The withdrawal of support for housing costs under Universal Credit for young people: more pain for little gain? (2015)

In order to generate some preliminary evidence about the current circumstances of 18 to 21 year olds claiming Housing Benefit, and to assess some of the potential consequences of withdrawing this entitlement, we commissioned the Centre for Regional Economic and Social Research (CRESR) at Sheffield Hallam University to conduct a short research exercise to provide broad estimates of the scale of the impact and the likely cost savings from the measure, and to provide some insights into the role that Housing Benefit plays in the lives of young people who are currently receiving this support.

In this report, we briefly review recent measures that have been made to curtail Housing Benefit expenditure, provide a working estimate of the number of claimants likely to be affected and the consequent cost savings this will bring. We assess some of the personal experiences of young people currently receiving Housing Benefit, based on six in depth interviews, and set this against some of the assumptions that lie behind the introduction of this measure.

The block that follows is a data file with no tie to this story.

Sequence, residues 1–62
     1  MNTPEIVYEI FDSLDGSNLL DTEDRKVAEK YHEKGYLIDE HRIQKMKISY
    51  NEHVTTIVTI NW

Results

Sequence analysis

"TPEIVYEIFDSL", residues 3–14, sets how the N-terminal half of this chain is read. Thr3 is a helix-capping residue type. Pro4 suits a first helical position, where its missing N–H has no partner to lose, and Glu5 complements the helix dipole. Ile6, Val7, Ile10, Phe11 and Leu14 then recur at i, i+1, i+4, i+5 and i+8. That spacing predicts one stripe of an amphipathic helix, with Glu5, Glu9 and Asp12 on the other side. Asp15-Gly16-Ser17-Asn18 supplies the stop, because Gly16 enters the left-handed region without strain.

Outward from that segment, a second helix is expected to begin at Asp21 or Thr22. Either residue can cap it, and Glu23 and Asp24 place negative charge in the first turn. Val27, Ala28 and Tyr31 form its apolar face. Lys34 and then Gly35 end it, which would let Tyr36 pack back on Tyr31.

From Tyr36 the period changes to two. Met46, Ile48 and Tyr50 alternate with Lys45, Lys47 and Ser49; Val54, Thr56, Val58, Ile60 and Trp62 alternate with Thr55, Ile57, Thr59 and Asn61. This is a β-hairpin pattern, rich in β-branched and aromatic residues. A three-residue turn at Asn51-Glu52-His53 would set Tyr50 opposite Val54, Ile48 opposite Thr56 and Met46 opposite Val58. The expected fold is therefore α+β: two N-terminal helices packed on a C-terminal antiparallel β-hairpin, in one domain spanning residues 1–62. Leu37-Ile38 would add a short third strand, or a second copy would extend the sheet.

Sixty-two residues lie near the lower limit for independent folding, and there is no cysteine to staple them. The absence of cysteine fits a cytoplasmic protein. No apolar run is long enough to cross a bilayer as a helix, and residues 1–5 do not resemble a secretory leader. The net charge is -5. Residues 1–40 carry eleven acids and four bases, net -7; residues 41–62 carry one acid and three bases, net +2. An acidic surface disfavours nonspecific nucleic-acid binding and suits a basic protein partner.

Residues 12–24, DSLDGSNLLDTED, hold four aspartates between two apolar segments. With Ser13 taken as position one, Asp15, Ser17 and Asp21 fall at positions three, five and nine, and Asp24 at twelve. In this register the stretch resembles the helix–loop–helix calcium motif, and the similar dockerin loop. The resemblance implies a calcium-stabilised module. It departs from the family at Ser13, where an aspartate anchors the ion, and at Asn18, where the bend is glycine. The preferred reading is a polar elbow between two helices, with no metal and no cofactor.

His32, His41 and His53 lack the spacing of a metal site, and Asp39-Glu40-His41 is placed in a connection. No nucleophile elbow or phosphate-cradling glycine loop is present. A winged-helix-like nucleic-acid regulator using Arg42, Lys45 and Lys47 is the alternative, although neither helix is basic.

The withdrawal of the Housing Benefit entitlement for some young people is likely to affect a fairly small proportion of claimants and save only a small amount of money, relative to the scale of the overall expenditure reductions the Government is seeking. More detailed research is needed on the circumstances of young people currently receiving Housing Benefit if policies are to be founded more on evidence than on received wisdom. But this initial exercise suggests that the withdrawal of Housing Benefit entitlement will not necessarily provide parity with those who do not receive it. Instead, many of those affected are likely to be made more vulnerable, less secure and less able to rebuild their relationship with their parents or to keep or find a job than they were before.


Cole, I., Pattison, B. & Reeve, K. (2015) The withdrawal of support for housing costs under Universal Credit for you people: more pain for little gain? Sheffield: Sheffield Hallam University.